Understanding the relationship between high-density lipoprotein (HDL) subclass distribution and functionality in patients at risk of cardiovascular disease

Doctoral Thesis


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University of Cape Town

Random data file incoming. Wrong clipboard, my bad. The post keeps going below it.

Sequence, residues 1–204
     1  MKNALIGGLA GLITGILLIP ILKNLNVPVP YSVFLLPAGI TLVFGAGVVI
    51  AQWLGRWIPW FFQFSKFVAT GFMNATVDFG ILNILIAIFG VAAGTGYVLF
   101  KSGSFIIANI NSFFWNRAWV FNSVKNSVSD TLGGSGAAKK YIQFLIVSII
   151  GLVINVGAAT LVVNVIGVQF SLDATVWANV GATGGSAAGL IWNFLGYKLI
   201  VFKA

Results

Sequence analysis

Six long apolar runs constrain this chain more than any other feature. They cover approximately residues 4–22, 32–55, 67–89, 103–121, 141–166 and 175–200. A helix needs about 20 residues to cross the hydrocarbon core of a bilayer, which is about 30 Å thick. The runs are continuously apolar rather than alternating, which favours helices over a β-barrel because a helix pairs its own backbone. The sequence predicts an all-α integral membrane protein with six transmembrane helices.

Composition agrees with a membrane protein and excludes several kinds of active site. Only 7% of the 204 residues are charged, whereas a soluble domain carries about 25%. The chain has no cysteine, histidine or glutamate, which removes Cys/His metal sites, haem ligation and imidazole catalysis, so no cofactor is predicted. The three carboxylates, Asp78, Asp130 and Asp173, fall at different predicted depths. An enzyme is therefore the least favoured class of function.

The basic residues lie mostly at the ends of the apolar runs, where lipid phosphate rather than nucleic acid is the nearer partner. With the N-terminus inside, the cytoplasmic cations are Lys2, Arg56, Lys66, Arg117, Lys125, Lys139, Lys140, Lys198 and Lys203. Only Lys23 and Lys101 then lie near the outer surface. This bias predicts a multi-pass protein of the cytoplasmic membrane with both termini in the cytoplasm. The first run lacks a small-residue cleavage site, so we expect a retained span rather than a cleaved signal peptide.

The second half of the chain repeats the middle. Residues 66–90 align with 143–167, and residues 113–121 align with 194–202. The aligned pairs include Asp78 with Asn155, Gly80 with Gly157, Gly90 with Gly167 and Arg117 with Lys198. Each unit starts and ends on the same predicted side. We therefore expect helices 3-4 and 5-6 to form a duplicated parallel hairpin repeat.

Background: Risk factors for cardiovascular disease (CVD) include obesity, ethnicity and hypertension. High-density lipoprotein (HDL) has traditionally served as a marker for CVD risk. Latest studies, however, propose that the composition and subclass distribution and the anti-atherogenic function of HDL are more accurate predictors of CVD risk. We therefore explored whether obesity, ethnicity, exercise and hypertension may modulate HDL composition, subclass and function in three different sample populations of patients affected with these CVD risk factors. Methods: The first study sample population consisted of black and white obese and normal-weight South African women (n=40). In the second sample population, obese black South African women were randomly assigned to exercise (combined aerobic and resistance exercise 4 times/week) or control (sedentary) conditions for 12-weeks (n=32). The third sample population included Nigerian out-patients, divided into healthy controls, hypertensive patients and hypertensive patients with heart failure (HF) (n=80). HDL composition measurements included apolipoproteins A1 and M (ApoA1 and ApoM), paraoxonase (PON1) and platelet activating factor acetylhydrolase (PAF-AH) expression (using Western blotting) and sphingosine-1-phosphate (S1P) content (using mass spectometry). Levels of large, intermediate and small HDL subclasses were measured using the Lipoprint® system. HDL functionality was assessed by measuring PON1 activity, PAF-AH activity, reverse cholesterol efflux capacity, HDL-mediated activation of endothelial nitric oxide synthase (eNOS) and quantification of the expression of vascular cell adhesion molecule in endothelial cells. Results: In all sample populations, HDL-cholesterol concentration was not different between groups. PON1 activity was lower in white compared to black women (0.49±0.09 U/L vs 0.78±0.10 U/L, p<0.05). Obese black women had lower PAF-AH activity compared to obese white women (9.34±1.15 U/L vs 13.89±1.21 U/L, p<0.05). Compared to normal-weight women, obese women had lower large HDL, greater intermediate and small HDL. Compared to the sedentary control condition, exercise training was associated with a decrease in PON1 activity (-8.7±2.4% vs +1.1±3.0%, p<0.05), PAF-AH serum expression (-22.1±8.0% vs +16.9±9.8, p<0.005) and small HDL subclasses (-10.1±5.4% vs +15.7±6.6%, p<0.005). S1P content in HDL was lower in hypertensive and HF patients compared to controls (165 ± 55 vs 201 ± 73 pmol/mg, p < 0.05). HDL subclass distribution was different in hypertensive and HF patients with lower large HDL (48 ± 15 vs 63 ± 7%, p<0.005), higher intermediate (45 ± 7 vs 34 ± 5%, p<0.005) and small HDL (7 ± 9 vs 2 ± 4%, p<0.05). In contrast to HDL from control patients, HDL from all hypertensive patients failed to activate eNOS. Conclusions: In all three sample populations, there were associations between CVD risk factors and measures of HDL quality. HDL subclass distribution differences were associated with obesity and hypertensive heart failure, both in cross-sectional studies and in an exercise intervention study. In African sample populations, consideration of HDL quality rather than total HDL quantity may be a more sensitive marker to assess CVD risk.